Although we don't believe in timing the market or panicking over daily movements, we do like to keep an eye on market changes -- just in case they're material to our investing thesis.
After a few earnings releases from some of the Dow Jones Industrial Average's (DJINDICES:^DJI) higher-profile and high share price stocks, the index is down 35 points or 0.22%, at 1 p.m. EST. The other major indexes, the S&P 500 and the Nasdaq, are respectively higher by 0.07% and 0.43%. The divergence, seen today and repeatedly through the new year, has some investors asking whether the Dow is still relevant.
One of the Dow's big winners of the day is Walt Disney (NYSE:DIS), which is up 1.4% after Bernstein analyst Todd Juenger argued that Disney's shares price has not taken into account its 50% stake in the TV network A&E. Juenger believes that if A&E's value is $23 billion, Disney's stake should add about $6 per share to the company's stock price. Juenger has a $82 price target on the stock and believes A&E network sales are stronger than those from what he calls the high-profile networks such as CBS, AMC, and Discovery.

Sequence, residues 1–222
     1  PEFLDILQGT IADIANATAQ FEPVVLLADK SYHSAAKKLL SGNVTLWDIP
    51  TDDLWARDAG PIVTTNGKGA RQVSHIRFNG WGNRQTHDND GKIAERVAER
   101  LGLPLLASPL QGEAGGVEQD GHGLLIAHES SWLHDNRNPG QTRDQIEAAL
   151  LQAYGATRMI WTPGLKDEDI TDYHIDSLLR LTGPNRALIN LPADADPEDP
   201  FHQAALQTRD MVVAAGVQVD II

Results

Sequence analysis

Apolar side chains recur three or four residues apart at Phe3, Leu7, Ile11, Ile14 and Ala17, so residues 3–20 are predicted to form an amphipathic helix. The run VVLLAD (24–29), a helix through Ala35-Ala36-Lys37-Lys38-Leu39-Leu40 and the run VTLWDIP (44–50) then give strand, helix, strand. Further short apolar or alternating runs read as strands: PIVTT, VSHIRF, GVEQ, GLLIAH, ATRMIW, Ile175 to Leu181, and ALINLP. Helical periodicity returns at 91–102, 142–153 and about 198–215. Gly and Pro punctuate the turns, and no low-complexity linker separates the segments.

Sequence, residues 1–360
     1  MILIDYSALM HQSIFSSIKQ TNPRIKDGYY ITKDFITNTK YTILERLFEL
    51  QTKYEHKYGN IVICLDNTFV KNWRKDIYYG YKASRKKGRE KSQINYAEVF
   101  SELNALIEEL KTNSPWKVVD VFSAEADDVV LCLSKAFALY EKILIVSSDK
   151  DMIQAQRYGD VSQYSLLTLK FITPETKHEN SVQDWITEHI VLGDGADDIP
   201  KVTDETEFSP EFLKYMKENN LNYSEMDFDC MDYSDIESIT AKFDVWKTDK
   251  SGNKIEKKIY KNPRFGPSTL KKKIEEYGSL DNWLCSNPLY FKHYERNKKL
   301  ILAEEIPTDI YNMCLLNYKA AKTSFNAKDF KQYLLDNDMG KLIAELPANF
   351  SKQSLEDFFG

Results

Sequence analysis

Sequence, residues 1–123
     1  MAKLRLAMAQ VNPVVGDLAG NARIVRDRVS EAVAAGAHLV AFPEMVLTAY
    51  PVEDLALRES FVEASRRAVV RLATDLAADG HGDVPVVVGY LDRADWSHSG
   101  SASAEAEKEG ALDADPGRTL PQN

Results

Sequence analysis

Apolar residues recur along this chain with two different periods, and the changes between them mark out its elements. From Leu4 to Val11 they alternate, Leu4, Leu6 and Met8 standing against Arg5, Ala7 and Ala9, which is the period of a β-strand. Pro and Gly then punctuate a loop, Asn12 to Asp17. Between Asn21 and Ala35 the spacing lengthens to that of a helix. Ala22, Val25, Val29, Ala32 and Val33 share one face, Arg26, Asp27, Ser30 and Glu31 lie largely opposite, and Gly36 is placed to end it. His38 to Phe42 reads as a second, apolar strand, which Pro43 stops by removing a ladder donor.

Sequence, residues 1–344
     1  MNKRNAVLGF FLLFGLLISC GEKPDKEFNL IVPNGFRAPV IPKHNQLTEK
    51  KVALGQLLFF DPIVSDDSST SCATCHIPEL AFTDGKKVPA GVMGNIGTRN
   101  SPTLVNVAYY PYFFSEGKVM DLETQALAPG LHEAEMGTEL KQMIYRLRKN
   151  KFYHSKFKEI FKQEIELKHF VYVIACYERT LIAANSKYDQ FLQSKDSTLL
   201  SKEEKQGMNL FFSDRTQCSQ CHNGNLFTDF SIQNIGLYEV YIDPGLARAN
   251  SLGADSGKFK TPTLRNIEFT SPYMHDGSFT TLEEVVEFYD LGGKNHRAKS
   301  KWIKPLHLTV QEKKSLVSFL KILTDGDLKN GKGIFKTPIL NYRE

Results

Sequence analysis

A big winner outside the Dow is RadioShack (NASDAQOTH:RSHCQ), as shares are climbing higher more than 17% at this time. The move is likely due to the fact that Jamie Zimmerman's Litespeed Management disclosed Friday it had taken an 8.1% stake in the struggling retailer. The stock rose slightly yesterday and not at all on Friday. It seems mainstream investors are just hearing this news today and thus the stock is taking off. This news is important as Zimmerman is highly respected and specializes in turnarounds, bankruptcies, and other special situations. To read more about this click here.
One big loser outside the Dow is Coach (NYSE:TPR), as shares have fallen by 7% this afternoon. The move comes after the fashion retailer reported earnings before the opening bell today and missed on both revenue and earnings. Coach reported revenue of $1.42 billion and earnings per share of $1.06. Analysts were looking for $1.48 billion in revenue and $1.11 in earnings. Furthermore, the company's revenue slid lower from $1.5 billion during the same quarter a year ago. Same-store sales in the North America dropped 13.6%, much worse than the 6.8% fall most experts on Wall Street were predicting. Things seem to continue to worsen for the company, and its investors should be taking a hard look at their position.
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